In the Buddha’s teachings, there are four kinds of friends: friends who treat you like a flower, friends who act like a balance, friends who are like the mountains, and friends who are like the earth.
Friends who treat you like a flower
We all enjoy flowers, especially when they are fresh. We put them in vases to decorate our homes, we give them to our loved ones to express our affection, and we may even wear them in our hair. However, when the flowers wilt, we toss them out like trash. Some people treat their friends like this. They are delighted as long as their friends can fulfill certain needs of theirs, but when their friends outlive their usefulness, they toss them out like wilted flowers.
It is so habitual for us to love what is beautiful and scorn what is not. Curbing this tendency is a significant step in making and maintaining friendships that will last a lifetime.
Friends who act like a balance
There are, then, some people who act like a scale and continually compare themselves to their friends. They are envious when they perceive their friends to be doing better than they are, and are boastful when they feel like the scale is tipping in their own direction. The scale will never be balanced, for these people are not content unless they have “one-upped” their friends. This kind of judging and comparing within a friendship is quite damaging.
Friends who are like the mountains
Some friends are analogous to mountains. Like mountains that are full of rich ore, flowers and wildlife, these friends are full of treasures and wonders. With these friends, we are constantly reminded of the beauty and diversity of life. We can learn a lot in these friendships.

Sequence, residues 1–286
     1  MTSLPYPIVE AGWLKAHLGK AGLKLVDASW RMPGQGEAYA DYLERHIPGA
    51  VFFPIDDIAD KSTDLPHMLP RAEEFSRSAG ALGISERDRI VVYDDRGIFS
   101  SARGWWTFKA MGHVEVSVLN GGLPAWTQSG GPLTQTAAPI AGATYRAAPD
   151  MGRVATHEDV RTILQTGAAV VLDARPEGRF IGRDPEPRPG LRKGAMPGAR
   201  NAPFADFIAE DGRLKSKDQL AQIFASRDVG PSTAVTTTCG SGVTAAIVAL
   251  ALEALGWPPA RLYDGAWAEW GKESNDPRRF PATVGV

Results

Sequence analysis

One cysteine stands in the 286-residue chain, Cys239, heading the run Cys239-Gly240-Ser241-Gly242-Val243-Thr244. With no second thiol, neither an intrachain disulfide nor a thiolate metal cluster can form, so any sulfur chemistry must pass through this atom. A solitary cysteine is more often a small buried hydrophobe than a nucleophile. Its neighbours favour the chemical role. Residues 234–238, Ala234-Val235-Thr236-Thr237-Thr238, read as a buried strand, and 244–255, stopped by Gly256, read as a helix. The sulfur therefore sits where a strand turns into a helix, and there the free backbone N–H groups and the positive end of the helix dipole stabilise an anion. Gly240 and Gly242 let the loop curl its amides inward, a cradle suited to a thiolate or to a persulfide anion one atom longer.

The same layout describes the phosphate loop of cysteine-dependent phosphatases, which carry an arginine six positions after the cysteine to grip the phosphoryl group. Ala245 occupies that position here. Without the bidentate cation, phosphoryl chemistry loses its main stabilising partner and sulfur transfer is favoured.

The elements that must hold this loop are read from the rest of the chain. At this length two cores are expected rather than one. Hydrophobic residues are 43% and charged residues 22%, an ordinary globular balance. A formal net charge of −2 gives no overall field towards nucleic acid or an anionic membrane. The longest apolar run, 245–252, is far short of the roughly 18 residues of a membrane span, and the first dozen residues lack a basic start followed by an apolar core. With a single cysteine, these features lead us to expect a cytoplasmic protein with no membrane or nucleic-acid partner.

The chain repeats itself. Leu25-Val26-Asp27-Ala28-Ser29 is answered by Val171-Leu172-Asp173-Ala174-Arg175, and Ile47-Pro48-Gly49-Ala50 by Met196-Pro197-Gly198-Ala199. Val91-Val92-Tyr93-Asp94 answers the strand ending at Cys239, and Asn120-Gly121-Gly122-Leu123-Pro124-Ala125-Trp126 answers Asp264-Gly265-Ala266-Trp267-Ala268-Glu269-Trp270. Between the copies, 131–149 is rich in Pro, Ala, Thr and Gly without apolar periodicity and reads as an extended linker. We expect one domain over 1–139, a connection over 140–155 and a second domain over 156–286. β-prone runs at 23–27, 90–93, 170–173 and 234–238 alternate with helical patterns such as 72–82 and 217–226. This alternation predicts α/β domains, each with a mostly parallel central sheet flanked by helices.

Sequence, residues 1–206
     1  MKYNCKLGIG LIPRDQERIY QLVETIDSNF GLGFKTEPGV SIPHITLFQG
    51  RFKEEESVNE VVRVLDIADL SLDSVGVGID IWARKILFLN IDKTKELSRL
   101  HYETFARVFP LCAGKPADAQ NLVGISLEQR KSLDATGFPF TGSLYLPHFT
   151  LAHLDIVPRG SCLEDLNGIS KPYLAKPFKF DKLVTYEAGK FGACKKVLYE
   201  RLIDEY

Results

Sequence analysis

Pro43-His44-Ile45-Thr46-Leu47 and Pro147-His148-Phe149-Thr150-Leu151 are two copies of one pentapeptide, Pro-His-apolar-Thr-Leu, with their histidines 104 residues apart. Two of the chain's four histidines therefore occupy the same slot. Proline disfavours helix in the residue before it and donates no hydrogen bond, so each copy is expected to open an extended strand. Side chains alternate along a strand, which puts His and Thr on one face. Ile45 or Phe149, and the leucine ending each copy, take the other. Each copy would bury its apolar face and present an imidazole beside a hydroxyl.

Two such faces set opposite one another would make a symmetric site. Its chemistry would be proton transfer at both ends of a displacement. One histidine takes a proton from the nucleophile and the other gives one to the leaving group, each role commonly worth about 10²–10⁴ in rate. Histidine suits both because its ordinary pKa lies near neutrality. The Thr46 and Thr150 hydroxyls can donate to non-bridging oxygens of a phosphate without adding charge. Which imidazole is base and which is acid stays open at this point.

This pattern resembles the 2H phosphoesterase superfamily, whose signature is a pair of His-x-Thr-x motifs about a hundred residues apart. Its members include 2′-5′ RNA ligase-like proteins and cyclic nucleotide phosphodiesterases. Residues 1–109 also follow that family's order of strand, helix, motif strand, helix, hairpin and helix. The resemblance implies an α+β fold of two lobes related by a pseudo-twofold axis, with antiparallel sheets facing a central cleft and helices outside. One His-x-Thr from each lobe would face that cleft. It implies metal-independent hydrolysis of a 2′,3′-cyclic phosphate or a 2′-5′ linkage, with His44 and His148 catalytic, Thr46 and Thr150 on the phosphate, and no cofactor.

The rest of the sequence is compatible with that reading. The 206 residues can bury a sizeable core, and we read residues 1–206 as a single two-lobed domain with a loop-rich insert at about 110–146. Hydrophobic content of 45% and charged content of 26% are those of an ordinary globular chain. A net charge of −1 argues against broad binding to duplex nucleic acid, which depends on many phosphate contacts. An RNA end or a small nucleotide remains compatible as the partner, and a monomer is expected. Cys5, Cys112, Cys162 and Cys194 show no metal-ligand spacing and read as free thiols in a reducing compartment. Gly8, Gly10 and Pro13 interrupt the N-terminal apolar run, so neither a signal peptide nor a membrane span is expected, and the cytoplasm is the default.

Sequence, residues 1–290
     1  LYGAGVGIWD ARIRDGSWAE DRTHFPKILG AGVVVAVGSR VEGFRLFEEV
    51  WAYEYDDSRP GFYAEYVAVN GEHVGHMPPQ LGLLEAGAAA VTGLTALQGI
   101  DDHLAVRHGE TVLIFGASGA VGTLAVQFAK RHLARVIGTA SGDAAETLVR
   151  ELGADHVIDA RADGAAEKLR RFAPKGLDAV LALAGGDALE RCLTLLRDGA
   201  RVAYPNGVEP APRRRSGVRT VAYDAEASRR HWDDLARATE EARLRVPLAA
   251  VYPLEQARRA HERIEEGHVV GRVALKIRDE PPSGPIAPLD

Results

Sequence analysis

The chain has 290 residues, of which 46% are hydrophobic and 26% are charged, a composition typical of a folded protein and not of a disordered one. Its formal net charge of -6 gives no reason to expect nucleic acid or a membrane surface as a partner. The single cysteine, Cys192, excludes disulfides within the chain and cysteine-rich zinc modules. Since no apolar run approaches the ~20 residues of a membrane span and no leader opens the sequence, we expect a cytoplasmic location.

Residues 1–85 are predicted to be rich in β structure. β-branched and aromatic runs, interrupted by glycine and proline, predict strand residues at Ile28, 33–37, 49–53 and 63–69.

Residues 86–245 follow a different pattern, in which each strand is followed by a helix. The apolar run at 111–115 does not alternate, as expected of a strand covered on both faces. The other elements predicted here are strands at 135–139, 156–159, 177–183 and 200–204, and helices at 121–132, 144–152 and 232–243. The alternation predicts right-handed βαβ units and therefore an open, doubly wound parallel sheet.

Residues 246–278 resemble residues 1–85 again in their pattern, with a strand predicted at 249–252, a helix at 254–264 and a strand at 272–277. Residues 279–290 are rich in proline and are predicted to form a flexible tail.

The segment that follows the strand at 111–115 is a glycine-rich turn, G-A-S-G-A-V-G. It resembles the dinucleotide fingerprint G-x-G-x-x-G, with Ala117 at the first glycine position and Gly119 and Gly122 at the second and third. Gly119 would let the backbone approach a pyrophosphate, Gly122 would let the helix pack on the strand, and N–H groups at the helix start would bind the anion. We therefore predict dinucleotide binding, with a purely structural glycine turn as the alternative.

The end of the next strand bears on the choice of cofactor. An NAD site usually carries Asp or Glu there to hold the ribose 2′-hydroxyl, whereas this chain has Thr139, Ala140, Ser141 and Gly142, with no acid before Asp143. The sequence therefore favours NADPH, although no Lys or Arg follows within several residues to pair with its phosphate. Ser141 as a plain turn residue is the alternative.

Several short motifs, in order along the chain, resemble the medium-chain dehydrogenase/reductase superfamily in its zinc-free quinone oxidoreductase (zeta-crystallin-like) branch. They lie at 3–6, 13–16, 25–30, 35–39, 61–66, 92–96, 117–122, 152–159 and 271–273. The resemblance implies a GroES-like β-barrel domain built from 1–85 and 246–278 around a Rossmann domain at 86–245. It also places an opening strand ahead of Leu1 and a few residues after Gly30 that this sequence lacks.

Friends who are like the earth
Some friends are like the great earth that lets everything grow in its rich soil. Such friends can help us grow in our wisdom and strengthen our character.
The Agamas speak of the four kinds of friends that should be cultivated.
The first kind is friends that can help us tell right from wrong. They let us know when our conduct is admirable and are not afraid to tell us when we behave poorly. Such friends help us stay on the right path.
The second kind is friends that are compassionate and caring. They give us moral support during our trying times. They are also happy for us when we are doing well.
The third kind is friends that are always ready to extend a helping hand. They are pillars of strength. They help us stay focused and come to our aid when we are lost.
The fourth kind is friends that share our aspirations. Such friends provide us with encouragement and are not hesitant to share their time and resources. Good friends can help us discover our capacity for connection. When we cultivate these relationships properly, we will be experts at living affinity.
Although we should still show kindness and compassion to all of these people, it is not wise to keep their company. Friendships should be based on mutual affinity, not one-sided effort. Real friendships are an actual and resounding expression of true joy. Our capacity to create and nurture affinity is infinite; we simply need to uncover the wisdom and motivation to do so.
A key element for us as we strive to relate to each other in more appropriate and expansive ways is the way we regard and manage our emotions.
No relationship is barren of emotions, and it is essential that they are investigated and handled with wisdom. We need explore the wisdom of managing our emotions, with hope that we can all handle our relationships with increased skill, so that all beings can benefit from our ever-expanding ability to love.